With the best record in the NBA, the Indiana Pacers are making a case for being the best team in the Eastern Conference. The rotation has the potential to get even better, according to ESPN.com, with word of forward Danny Granger returning to practice this week. It might be some time before he realistically returns to the court, but should the Pacers use him off the bench?
Indiana secured an 8-0 record with a win over the Memphis Grizzlies on November 11, continuing their dominant play on both ends of the court. The Pacers have arguably the best defense in the league, holding opponents to a league-low 84.5 points per game. It's unlikely inserting Granger back into the rotation would have a major effect on this, but offensively he'd have the potential to create issues.
Paul George has emerged as a conceivable top-10 player this season, putting up 24.9 points, 7.8 rebounds and 3.6 assists, all the while shooting 47.9 percent from the field and 40.4 percent from three-point range. George has established himself as the unquestionable leader of the franchise, despite Granger holding that title in the past.
Granger hasn't played since March 3, playing in just five games last season.
Although Granger's absence has given George the space he's needed to develop, it's difficult to predict how they'll mesh in the lineup. The last time the duo was on the court simultaneously, George wasn't the star he is now, which creates a rotational problem given their roles.
To make a comparison, we have to look at Granger's statistical output from the 2011-12 season. He played in 62 of the 66 regular season games in the lockout-shortened season, averaging 18.7 points per game.
Courtesy of NBA.com, 42.7 percent of Granger's scoring came unassisted two seasons ago. He relied on his teammates for 57.3 percent of his points, with a whopping 95.1 percent of his three-point field goals coming on assists.
George is holding his own offensively by scoring 50.7 percent of his points on his own this season. His teammates are finding him on the perimeter, as 81 percent of his three-point makes are assisted. It's a testament to the consistency of the Pacers' offensive system, as Granger and George have similar outputs as the primary scorers.
What we can take from this is that it would be damaging to the team for both Granger and George to be counted on as major contributors at the same time. Both are scorers and neither possess the ball-handling or passing abilities needed to be consistent distributors. Granger's career assist-to-turnover ratio of 1.01 and George's 1.31 average are both indicative of how both struggle to pass with efficiency.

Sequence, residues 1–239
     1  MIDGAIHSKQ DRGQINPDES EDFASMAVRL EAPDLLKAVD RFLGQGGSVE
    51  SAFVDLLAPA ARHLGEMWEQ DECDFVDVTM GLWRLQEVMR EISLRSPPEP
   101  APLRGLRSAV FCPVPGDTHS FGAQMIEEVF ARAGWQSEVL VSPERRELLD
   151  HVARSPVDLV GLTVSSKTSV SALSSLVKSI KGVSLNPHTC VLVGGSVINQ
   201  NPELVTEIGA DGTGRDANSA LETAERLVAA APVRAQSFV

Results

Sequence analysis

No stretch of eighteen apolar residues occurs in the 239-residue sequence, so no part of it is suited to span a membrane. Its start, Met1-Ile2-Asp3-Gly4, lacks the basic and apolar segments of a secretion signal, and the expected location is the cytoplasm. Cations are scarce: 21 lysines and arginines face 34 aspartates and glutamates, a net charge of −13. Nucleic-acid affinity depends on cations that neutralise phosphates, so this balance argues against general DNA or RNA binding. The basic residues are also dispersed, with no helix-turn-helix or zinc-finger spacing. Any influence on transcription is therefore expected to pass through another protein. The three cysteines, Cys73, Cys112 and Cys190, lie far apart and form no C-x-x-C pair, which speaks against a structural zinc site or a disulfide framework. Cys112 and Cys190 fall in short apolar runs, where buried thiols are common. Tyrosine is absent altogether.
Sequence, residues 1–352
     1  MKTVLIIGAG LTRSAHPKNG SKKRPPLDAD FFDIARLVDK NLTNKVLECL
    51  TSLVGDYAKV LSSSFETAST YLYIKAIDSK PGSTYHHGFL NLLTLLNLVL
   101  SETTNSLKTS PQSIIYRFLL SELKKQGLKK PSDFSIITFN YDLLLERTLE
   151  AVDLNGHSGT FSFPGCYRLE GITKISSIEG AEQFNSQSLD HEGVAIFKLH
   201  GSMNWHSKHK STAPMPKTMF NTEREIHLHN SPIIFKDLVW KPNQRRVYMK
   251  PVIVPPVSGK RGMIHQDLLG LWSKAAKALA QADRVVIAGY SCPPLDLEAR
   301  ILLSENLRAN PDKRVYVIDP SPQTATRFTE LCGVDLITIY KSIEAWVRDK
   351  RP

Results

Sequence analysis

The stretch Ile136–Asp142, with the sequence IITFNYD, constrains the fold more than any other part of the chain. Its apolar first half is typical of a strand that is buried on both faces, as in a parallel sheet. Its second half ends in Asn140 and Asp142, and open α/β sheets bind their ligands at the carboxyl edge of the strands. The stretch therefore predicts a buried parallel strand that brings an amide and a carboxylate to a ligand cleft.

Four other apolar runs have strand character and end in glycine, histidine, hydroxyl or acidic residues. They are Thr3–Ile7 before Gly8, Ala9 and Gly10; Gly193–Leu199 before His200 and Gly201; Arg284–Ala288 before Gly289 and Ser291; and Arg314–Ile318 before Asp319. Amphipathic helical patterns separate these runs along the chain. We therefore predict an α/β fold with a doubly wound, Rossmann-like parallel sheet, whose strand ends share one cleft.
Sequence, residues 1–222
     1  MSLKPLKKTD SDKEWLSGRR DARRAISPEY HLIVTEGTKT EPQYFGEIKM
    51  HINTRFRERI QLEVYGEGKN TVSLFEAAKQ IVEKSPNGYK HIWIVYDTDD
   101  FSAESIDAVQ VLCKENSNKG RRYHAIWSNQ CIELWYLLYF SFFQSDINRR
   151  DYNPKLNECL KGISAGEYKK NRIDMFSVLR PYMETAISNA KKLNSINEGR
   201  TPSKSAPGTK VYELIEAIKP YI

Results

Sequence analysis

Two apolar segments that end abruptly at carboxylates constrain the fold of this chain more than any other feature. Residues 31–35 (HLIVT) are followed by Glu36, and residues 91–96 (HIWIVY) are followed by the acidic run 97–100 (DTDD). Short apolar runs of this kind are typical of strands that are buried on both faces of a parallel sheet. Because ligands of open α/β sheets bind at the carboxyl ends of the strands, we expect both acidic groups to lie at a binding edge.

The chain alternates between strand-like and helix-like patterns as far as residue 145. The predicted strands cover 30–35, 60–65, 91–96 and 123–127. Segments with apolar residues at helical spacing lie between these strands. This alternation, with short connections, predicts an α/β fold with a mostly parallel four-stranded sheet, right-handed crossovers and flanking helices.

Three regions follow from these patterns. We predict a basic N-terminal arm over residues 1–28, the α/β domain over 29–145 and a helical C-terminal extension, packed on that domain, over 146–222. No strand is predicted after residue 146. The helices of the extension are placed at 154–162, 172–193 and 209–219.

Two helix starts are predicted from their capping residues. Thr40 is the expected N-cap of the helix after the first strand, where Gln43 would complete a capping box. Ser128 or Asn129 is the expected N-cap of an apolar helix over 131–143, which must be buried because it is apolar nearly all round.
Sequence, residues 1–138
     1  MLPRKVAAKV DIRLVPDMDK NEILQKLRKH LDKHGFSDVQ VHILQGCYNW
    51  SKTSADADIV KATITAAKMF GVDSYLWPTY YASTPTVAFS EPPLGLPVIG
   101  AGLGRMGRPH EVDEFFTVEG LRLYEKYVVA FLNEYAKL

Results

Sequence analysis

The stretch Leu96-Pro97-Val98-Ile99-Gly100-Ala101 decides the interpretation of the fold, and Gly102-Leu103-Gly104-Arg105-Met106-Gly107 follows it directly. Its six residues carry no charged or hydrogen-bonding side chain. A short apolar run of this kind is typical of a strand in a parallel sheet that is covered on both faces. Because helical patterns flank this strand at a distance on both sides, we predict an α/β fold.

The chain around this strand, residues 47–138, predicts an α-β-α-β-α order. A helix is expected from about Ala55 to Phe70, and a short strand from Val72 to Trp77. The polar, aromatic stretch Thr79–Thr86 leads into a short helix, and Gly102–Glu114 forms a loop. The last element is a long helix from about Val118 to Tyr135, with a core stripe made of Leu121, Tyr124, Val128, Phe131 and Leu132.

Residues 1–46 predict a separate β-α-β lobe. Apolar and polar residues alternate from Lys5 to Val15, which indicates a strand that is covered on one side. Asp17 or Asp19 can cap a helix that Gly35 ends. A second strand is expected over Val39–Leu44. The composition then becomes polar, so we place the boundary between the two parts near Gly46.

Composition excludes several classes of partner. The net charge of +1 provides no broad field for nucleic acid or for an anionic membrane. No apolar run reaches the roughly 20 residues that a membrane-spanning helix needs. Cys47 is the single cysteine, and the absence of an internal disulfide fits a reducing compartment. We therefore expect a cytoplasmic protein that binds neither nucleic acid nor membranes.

Granger has never averaged more than 2.8 assists in a season, making it almost certain he has the inability to distribute well. The Pacers certainly don't want George passing the ball more, even though he has solid ball-handling, as his scoring is too valuable to disrupt. In short, having two score-first players side-by-side does not work.
Other teams, such as the Miami Heat or the Oklahoma City Thunder, have shown that it is possible on rare occasions; however their star players are also hailed as being versatile scorers and passers simultaneously. It doesn't always go to plan, however, as seen in cases with the Milwaukee Bucks (Brandon Jennings and Monta Ellis last season) or the New York Knicks (Carmelo Anthony and Amar'e Stoudemire).
Lance Stephenson is one of the multi-talented players for the Pacers who can manage to score and distribute effectively. His 14.4 points and 4.9 assists per game are impressive thus far, with a 2.00 assist-to-turnover ratio that keeps the Indiana offense going. Stephenson dropped his first career triple-double against the Grizzlies on November 11, with a 13-point, 11-rebound and 12-assist night.
He turned the ball over just once: Memphis guard Tony Allen stole a bad pass three minutes into the game. Aside from that, Stephenson's night was flawless and helped Indiana continue their winning streak.
When Granger returns, Stephenson must remain the starting guard and the former All-Star comes off the bench. His versatility is a major boost for the Pacers, while Granger's one-dimensional offense will clog the flow of the team offense. Stephenson would work very well as a sixth man, but the team chemistry is at an all-time high, and messing with it could disrupt what Indiana has going.
In addition to this, the Pacers are a relatively young team.
Roy Hibbert will turn 27 in December, making him the oldest of Indiana's "Big Three" of George, Stephenson and himself. Granger is a veteran player, who turned 30 in August, and will have missed 104 games up to this point. While it will obviously take time to get back into form, it goes away from the nice balance of youth and experience the Pacers have with veterans George Hill, David West and the aforementioned trio.
Hill is just 27 years old and in his sixth year in the league, but his tutelage under San Antonio Spurs coach Gregg Popovich in his first three years makes up for it. He's a well-developed guard and makes good decisions on the court (just 1.2 turnovers per game for his career), giving him the air of a veteran player.
Granger would work well as a backup for George, or even as a stretch forward when David West is subbed out of the game. His outside shooting would allow Indiana to play their own version of "small-ball", creating matchup problems while Roy Hibbert's defense (4.4 blocks per game) would eliminate any defensive woes.
As aforesaid, Granger has been out for more than six months. The Pacers have accomplished more without him, mostly due to the brilliance of George and Hibbert, thus his return cannot be a high-priority situation and must be a path that is tread lightly. He ultimately deserves a semi-major role with the team, due to his scoring and and good one-on-one defense; however, Granger should accept a reserve role for the better of the team.